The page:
My caretakers are teenagers now. They’re loud and hard to understand. The scientists say it’s something with their hormones. I find that my mother skips work and listens to sad songs; she spends more time looking in the mirror now. My father cries when no ones looking;
it’s hard for a man to become a boy.
When we go to find jobs the younger ones interview us. When we turn 13 we will have to retire.
I save money to put my caretakers into a children’s home when they get younger. Just like they did for their grandparents.
I was assigned my first elderly person. He’s 95 and confined to a wheelchair. He doesn’t have any hair yet but I know it’ll grow soon. Sometimes he grabs my wrist to look at the way our skin doesn’t match. When he gets younger I’ll tell him about race; he’s too old to understand such things. I name him Luke.
I fall in love with a younger man; a writer named Hercules. He says funny things like “Imagine a universe where we age backwards; where we start off babies and die when we grow old.”
I try; but it seems impossible; too farfetched.
At our wedding; Luke is the ring bearer.
(He walks down the aisle without his wheelchair and I can’t help but cry).
Hercules kisses my forehead every time we meet. Says he wants to savour the days when he stands taller than me.
My caretakers are babies now. And Hercules is a teenager. There’s something different about him; he says I’ll understand in a few years.
They say that my mother wouldn’t sleep the night my father passed on; that she wouldn’t stop crying for what seemed like no reason but I think that somehow she knew. He’d been asleep in his crib at the time; the passing often happens this way.
Hercules holds me tighter that night. He’s started having nightmares. I guess it’s harder for a writer. To know that one day he’ll forget how to say how he feels; how to read.
I wonder how babies manage it. To have all these thoughts and no way to express them.
I’m eighteen today and it’s full moon. Hercules takes me to the beach and insists we bathe entirely naked. Between the waves he tells the whole sky of stars that we’re rebels now; that becoming a teenager makes us free in ways I don’t yet understand. I think that he just wants to taste everything before he dies.
After sharing a bottle of wine on the sand with him and dancing to the sound of the ocean’s monologue…
I believe him.
Our love has changed. From candle to fireplace to forest fire. I want to touch him all the time. He likes writing poems on my skin; but says that even without them I’m the best book he’s ever read.
My breasts are shrinking. And my bleeding had stopped. Though no one really understands why it happens. Hercules says maybe it served a purpose in the life before. His voice is high pitched now; more like mine; a sign of maturity.
Being teenagers was hard but nothing prepared me for childhood. They say it is a lot like old age.
Luke put us in the nicest children’s home he could find. It’s full of interesting people who’ve retired like us. But the babysitters are always watching. We play games during the day but they force us to go to bed even if we don’t want to. Hercules and I have to sleep in separate rooms now.
Yesterday they caught Hercules trying to paint his hair grey again. He believes he can fight it somehow. He hates that he can’t stay focused long enough to finish books but he still brings me love letters; crooked hearts coloured with crayons. I stick them on the fridge and stoop so that he can kiss my forehead.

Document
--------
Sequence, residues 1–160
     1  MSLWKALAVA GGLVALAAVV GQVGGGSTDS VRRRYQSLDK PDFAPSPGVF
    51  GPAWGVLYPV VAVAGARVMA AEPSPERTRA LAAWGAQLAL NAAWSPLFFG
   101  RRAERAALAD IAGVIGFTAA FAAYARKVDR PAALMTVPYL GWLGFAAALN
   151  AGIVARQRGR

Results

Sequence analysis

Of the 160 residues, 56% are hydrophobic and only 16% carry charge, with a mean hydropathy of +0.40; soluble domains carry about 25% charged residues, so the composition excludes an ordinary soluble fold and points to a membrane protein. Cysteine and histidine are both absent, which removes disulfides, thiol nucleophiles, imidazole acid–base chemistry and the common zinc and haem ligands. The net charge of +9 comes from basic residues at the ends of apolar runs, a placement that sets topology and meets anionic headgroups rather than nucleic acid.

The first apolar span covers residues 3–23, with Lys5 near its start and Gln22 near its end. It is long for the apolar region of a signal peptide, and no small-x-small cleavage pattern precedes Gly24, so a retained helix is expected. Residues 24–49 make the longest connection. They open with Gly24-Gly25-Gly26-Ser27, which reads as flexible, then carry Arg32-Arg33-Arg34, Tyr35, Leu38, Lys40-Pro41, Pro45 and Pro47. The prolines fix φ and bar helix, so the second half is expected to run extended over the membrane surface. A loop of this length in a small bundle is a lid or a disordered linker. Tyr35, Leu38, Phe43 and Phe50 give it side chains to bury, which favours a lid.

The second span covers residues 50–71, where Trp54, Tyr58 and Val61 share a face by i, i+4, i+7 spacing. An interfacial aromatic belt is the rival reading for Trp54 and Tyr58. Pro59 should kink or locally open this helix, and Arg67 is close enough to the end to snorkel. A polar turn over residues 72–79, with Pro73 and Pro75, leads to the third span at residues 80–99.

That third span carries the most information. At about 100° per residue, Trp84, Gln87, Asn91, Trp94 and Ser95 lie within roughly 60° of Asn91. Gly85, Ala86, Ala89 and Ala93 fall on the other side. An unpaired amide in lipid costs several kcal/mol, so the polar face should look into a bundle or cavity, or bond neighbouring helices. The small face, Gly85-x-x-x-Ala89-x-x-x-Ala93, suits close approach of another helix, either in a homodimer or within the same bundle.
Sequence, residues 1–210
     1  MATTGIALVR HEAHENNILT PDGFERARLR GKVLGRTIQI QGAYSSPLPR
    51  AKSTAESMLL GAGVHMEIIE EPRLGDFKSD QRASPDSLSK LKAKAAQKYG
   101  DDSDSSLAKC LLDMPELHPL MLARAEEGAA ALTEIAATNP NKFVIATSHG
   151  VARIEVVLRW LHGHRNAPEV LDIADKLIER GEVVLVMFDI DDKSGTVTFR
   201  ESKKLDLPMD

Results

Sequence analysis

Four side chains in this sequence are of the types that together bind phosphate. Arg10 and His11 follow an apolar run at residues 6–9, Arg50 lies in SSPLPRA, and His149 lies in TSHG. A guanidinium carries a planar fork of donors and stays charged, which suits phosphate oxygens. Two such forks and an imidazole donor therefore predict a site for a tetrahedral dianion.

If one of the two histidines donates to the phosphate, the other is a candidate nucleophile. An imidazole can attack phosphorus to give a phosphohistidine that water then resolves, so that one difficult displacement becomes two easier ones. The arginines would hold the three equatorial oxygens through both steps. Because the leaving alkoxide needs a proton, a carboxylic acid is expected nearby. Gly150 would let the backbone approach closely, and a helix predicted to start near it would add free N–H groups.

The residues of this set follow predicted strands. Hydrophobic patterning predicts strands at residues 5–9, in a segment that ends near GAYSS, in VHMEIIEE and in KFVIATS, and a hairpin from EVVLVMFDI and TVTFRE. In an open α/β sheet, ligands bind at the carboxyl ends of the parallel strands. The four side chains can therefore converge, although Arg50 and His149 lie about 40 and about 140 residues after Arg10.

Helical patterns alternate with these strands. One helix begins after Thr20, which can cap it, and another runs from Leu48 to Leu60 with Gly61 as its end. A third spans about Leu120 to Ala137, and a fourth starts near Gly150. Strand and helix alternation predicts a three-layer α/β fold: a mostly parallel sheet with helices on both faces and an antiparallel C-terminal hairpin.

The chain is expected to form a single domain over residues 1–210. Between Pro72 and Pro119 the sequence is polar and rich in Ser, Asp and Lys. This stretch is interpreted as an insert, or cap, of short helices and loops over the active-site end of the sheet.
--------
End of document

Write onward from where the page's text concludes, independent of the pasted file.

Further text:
When the babysitter told me that Hercules had passed on… I learnt what it felt like to be crushed. Some days I’d feel the ghost of his lips against my forehead and feel so angry. I’d cry and scream and curse. They called it a tantrum.
I’m five years old now and I’m beginning to understand that the end looks so much like the beginning and that’s why they call it the circle of life.
In a universe where we age backwards // Ceres @mentamorphisis
The thought of being without you makes me afraid, even though I know that I’m worse off with you. I’m afraid to dangle, to float untethered. At least with you I could always be sure that I belonged somewhere, that I was something to someone. I’m not searching for validation or a cure for insecurity, but for a place where I can find a voice that’s confident in me, a place where your fingers are there to lift my chin when the world tells me to keep my head down, a place where your hand is resting in its favorite spot on my back, ready to push me back up if I start to fall… Someone there to tell me that maybe I’m not as crazy as I think I am. Now I don’t really know what life will look like without that. And it’s sad, sad that things had to turn out this way.
Request from Anon : Hi I was wondering if you could write something about a Metamorphi magi! reader x Newt? They meet for the first time at Tina’s and Queenie’s apartment and the reader finds Newt attractive and her hair changes red (its normally brown) and Newt wonders what the color means.
A/N : I’m alive! Haha I’m so sorry about the delay guys, I hope you like it! Something to keep in mind though, I switch between POVs a little bit in here, it’s mainly Newt with a sprinkle of Y/N. Oh and if you’re wondering why her hair keeps changing different colors, I thought I’d use the color to represent how she’s feeling/thinking so here’s a little cheat sheet : Auburn Brown - Newt (LOL) Grey - confusion Blonde - caution Red - love
Newt looked back at his friends utterly confused and slightly hurt about what just happened. Jacob equally as confused as Newt, he was having a nice conversation with Y/N when the mood turned sour. Maybe he was talking about himself too much.
Queenie placed a hand on his knee and gave him a reassuring smile. “It wasn’t you, honey.”
“Then what was?” Newt looked at her with determination in his eyes. He wanted to set this right but he needed to know what he’d be apologizing for first. He turned to Queenie because he knew that she’d have the answers to his dilemma. Being a legilimens, she must have heard Y/N’s thoughts. “Please…I need to know.”